When it comes to Honda’s racing efforts the saying goes: Honda came, they saw, they conquered. That’s often been the story of Honda’s motorcycle road racing programs, but it didn’t quite happen that way when they entered AMA Superbike racing in 1980.
Honda first raced in America in a big way when it brought over a massive effort to Daytona in 1970, although it tried in vain to minimize the look of a factory effort by running the squad under the auspices of Bob Hansen Racing - which had previously run successful AMA road racing teams with Matchless and others. Dick Mann won on the Honda that year and then that was pretty much it from Big H in American road racing for the next decade. Except for a one-off RSC effort at the Dallas AMA Road Race National in 1973 and various privateer efforts – most notably with riders Roger Reiman and Gary Fisher on a Krause/Yoshimura Honda – Honda did not road race in America until it decided to return by way of AMA Superbike in 1980, famously hiring up-and-coming road racing phenom Freddie Spencer.
AMA Superbike was just starting to mature, in its fifth season as a National series, when Honda came in in ’80. The Japanese four-cylinder 1000cc machines, previously known only for raw power, were beginning to handle and Suzuki and Kawasaki had pretty much dominated the preceding seasons. You can point to 1980 as the year AMA Superbike racing really came of age. Not only did Honda jump in for the first time with Spencer and Ron Pierce (and later Mike Baldwin when Pierce was injured), but Kawasaki was also there with a very strong team of Eddie Lawson and David Aldana, and then there was defending champ Wes Cooley on the powerful Yoshimura Suzuki. Road racing was also rapidly expanding, from just four races in 1979, to 10 rounds the following season. Throw all of that into the mix and you could see why Superbikes began to eclipse the popularity of the AMA’s Formula One class, which was the road-racing branch of the AMA Grand National Championship.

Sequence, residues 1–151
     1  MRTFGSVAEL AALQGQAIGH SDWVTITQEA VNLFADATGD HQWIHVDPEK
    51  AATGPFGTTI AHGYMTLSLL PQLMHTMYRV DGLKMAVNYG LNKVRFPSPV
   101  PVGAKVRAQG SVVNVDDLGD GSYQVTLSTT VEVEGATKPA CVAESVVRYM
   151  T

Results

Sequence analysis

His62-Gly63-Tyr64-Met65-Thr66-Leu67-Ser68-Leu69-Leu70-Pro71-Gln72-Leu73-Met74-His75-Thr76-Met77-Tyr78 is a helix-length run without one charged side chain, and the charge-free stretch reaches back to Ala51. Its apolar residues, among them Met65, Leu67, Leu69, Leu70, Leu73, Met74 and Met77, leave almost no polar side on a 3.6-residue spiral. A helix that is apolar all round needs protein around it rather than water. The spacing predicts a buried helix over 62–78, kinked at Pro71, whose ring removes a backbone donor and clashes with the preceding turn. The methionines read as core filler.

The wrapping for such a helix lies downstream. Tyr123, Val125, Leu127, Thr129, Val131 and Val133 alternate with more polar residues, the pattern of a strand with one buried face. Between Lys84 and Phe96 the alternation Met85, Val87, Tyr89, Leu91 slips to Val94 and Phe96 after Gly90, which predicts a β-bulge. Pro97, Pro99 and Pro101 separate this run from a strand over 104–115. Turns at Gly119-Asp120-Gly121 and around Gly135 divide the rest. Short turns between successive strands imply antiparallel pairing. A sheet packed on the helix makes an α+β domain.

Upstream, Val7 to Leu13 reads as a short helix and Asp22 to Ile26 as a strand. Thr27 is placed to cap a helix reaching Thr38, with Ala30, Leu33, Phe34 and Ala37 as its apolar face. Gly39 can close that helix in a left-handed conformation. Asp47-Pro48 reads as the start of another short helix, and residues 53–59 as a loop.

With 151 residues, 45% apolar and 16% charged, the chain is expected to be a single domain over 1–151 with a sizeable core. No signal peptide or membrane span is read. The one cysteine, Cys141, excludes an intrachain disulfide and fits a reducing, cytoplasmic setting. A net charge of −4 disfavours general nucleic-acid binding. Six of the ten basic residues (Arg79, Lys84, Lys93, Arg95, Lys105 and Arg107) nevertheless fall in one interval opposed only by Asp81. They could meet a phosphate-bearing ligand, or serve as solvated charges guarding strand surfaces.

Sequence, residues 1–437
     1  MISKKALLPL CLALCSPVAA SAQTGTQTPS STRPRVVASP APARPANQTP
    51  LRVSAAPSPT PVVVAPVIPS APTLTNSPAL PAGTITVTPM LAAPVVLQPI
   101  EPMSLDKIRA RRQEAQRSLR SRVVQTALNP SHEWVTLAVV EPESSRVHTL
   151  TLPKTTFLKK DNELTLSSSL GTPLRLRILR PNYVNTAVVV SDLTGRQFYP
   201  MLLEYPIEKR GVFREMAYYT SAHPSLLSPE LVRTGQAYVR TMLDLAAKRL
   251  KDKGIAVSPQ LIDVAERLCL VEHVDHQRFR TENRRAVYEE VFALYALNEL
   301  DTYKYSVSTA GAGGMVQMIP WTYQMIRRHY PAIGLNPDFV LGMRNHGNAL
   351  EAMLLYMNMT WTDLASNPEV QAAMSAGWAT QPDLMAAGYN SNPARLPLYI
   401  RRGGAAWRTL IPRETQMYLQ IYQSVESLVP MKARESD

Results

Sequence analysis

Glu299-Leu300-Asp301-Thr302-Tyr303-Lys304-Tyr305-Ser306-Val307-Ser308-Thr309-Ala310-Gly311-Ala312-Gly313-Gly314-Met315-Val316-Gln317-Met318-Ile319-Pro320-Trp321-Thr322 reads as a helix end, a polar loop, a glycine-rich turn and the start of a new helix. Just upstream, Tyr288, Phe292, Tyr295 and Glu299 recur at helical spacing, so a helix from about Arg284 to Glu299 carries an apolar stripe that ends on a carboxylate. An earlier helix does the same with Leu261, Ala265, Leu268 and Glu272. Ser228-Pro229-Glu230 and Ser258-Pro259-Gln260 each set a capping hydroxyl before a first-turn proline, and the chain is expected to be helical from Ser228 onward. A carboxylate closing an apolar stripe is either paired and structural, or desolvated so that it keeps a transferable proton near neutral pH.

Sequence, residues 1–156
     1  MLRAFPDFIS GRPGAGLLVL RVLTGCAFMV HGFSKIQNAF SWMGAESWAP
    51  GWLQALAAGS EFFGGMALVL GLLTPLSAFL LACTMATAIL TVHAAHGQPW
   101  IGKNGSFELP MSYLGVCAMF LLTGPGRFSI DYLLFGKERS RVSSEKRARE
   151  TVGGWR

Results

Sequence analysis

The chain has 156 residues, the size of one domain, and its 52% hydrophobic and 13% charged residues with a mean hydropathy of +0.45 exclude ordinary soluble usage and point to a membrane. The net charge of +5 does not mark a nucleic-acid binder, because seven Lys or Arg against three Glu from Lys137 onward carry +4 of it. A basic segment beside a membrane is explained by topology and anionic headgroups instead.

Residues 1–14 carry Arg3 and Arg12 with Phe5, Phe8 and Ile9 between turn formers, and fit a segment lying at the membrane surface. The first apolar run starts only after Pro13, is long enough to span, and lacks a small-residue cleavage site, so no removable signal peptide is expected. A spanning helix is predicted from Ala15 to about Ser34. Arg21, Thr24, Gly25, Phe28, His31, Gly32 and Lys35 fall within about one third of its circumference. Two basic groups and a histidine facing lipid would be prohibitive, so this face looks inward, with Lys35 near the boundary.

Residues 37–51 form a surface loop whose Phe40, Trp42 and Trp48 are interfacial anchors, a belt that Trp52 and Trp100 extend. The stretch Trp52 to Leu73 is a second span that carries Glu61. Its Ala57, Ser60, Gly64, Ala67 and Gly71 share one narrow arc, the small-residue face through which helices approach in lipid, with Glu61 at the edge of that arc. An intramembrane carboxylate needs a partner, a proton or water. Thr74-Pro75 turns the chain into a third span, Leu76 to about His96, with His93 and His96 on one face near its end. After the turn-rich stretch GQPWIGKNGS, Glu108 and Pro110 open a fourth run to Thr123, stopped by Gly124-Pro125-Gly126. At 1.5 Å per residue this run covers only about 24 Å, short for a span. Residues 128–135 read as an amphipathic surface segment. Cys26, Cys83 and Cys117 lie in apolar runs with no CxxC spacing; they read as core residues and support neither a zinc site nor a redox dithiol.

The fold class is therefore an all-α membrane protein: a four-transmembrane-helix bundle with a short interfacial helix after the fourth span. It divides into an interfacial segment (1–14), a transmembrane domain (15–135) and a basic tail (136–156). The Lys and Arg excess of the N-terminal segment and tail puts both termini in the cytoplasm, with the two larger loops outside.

As background it should be noted that Honda had money to burn on racing by 1980 because its long-term investment in building automobiles was finally paying off in a big way. So Honda’s launch of its Superbike team (and to a lesser extent its AMA F1 effort) was done in a way no other team could even dream about. At Daytona that March, Honda had an expansive garage with a lot of personnel (both from American Honda and directly from Japan), multiple spares and every conceivable tool one could imagine. It was a massive effort; especially compared to the cramped garages of both Yoshimura Suzuki and Kawasaki, Honda’s prime rivals.
Honda launched an update of its iconic CB750 in 1979, the four-valves per cylinder CB750F. A punched out to 1025cc version of the 750F was Honda’s entry back into AMA Road Racing. American Honda had nabbed a Yoshimura Suzuki GS100 by way of Roberto Pietri and that bike was secretly sent to Honda’s Racing Service Center (RSC) so they could see firsthand what a state-of–the-art AMA Superbike was made of.
Steve McLaughlin, who was serving as racer/team manager for Honda in 1980, said that since they had access to the Yoshimura Suzuki they knew its engine produced in the 145 horsepower range. “And I knew for a fact that Lawson’s Kawasaki produced over 150,” McLaughlin said. “I told them if they could get us at least 140 horsepower we’d make up the difference with Freddie (Spencer).”
RSC assured the American side that the Superbikes would be in the 140 hp range, but to the American team’s dismay, when the bikes showed up from Japan and put on the dyno, according to McLaughlin, of the 22 engines RSC sent over “not one of them had more than 118 hp.”
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